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DROPPING H BOMBS – 5.03 ‘Jughead’

By Fishbiscuit,

  Filed under: Lost Recaps
  Comments: 48

“If you say in the first chapter that there is a rifle hanging on the wall, in the second or third chapter it absolutely must go off. If it’s not going to be fired, it shouldn’t be hanging there.” – Anton Chekhov

This episode was filled with satisfying little clicks of recognition. So many clues that we’d last seen circling around in the eddies of past episodes bobbed back up to the surface and began to fit together with a kind of sense. Many moons ago, for instance, in the distant shadows of Season Two, Ana Lucia found a U.S. Army knife on the body of a dead Other, a mystery too tiny to even call a red herring.

But my how that little herring grew. Not only was the U.S. Army on the Island at one point, they inspired the khaki tent city concept that the Others continued to favor for many years. Gee, that WWII surplus was sturdy stuff.

But tent technology wasn’t the only way that the peripatetic U.S. Army spread goodwill to the far corners of the globe. The Hostiles borrowed guns and uniforms from the soldiers they massacred, soldiers who were apparently part of the mid 20th century American adventure that turned the South Pacific into a vast playground of thermonuclear Duck Duck Goose.

But with Lost, it’s all about the clues. In episodes like this one, the story is just a scaffold to hang clues on. And the name on the bomb (the name of an actual cryogenic weapons system that the U.S. Army fielded but never fired) was a clue of the low hanging fruit variety.

Take that clue and put it together with the name stenciled on the young soldier’s shirt…

…and you end up with one of Time Travel’s greatest heroes: Jughead Jones, Time Cop!

Jughead Jones and his teenie weenie time-traveling beanie spent five collectors item editions of Archie Comics policing the timestream. His mission was to make sure no one tampered with the ineluctable modality of Time as it always was, is and always will be. In other words, Jughead was out there doing the hard work of Course Correction long before Daniel Faraday was a gleam in Mrs. Hawking’s pretty eyes. He bounded into Timespace with his lovely deputy, Charlotte …. er, January McAndrews, to make repairs to history, so that time could do what it has to do, which is to keep happening exactly the same way over and over, no matter how many goofy interlopers manage to land in the middle of situations they have no business being part of.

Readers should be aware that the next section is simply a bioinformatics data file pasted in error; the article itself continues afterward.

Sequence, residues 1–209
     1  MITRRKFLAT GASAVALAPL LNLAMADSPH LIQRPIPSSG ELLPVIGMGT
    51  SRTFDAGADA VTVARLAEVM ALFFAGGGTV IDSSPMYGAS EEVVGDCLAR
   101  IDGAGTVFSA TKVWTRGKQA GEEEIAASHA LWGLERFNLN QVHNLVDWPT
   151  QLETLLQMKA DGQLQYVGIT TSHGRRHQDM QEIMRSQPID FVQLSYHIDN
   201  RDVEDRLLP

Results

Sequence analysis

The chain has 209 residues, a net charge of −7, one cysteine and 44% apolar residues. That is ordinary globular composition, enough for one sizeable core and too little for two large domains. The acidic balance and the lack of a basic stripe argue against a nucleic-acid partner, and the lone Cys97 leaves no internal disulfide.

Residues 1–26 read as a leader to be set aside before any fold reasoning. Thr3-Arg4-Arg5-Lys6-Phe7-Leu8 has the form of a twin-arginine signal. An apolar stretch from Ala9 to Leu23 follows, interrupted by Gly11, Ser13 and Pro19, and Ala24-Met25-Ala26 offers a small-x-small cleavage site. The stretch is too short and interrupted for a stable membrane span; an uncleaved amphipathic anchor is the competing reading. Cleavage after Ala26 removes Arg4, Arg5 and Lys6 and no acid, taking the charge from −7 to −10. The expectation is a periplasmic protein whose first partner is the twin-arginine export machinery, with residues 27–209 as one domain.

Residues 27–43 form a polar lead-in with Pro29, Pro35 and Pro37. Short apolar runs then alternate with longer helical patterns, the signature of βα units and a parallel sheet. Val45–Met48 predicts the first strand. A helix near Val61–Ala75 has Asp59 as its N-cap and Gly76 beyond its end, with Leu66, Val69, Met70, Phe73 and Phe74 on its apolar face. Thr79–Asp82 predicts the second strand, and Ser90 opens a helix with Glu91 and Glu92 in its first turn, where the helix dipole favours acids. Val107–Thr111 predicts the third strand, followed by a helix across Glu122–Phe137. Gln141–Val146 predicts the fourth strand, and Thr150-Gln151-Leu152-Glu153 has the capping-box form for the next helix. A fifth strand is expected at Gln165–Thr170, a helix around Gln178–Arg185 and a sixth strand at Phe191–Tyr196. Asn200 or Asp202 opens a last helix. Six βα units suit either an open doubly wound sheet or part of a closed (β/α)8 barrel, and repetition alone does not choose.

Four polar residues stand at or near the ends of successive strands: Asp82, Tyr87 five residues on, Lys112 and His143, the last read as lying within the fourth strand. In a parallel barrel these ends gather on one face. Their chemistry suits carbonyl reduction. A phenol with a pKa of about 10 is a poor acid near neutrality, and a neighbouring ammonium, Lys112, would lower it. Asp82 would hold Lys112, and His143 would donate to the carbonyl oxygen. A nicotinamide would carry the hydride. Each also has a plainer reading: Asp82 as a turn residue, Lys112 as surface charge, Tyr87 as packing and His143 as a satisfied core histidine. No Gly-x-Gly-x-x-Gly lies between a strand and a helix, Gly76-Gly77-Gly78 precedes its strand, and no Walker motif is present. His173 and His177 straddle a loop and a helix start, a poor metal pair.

So, this episode was a story, as it seems all future stories on Lost will be, about Time Travel. Desmond, inspired by his shiny new memory of having just met Daniel Faraday four years ago the night before, returned to Daniel Faraday’s time travel lab at Oxford and found it a rather more sinister Little Shop of Horrors than he’d remembered. Truth be told, there was always something a little creepy about that greasy haired rat lover.

Watchers of ABC’s enhanced version of last week’s The Lie were privy to a bit of information that the story itself hasn’t told us yet, but certainly will in weeks to come. Mrs. Hawkings’ first name was Eloise, the same name as Daniel’s wee little maze runner. And given that Desmond’s mission to find Daniel’s mother seemed to be leading him all too obviously back to Mrs. Hawkings, that means Daniel was the sentimental sort of doting son who named his lab rat after Mommy….right before he killed her in his time twisting torture device.


But that wasn’t all there was to learn about Daniel in this episode. It seems that, all schmoopiness with Charlotte aside, Daniel was the kind of boyfriend in the past who left his girlfriends with something they would never be able to forget. Or remember. When Daniel ran out of rodents to give brain aneurysms to, he switched to human subjects.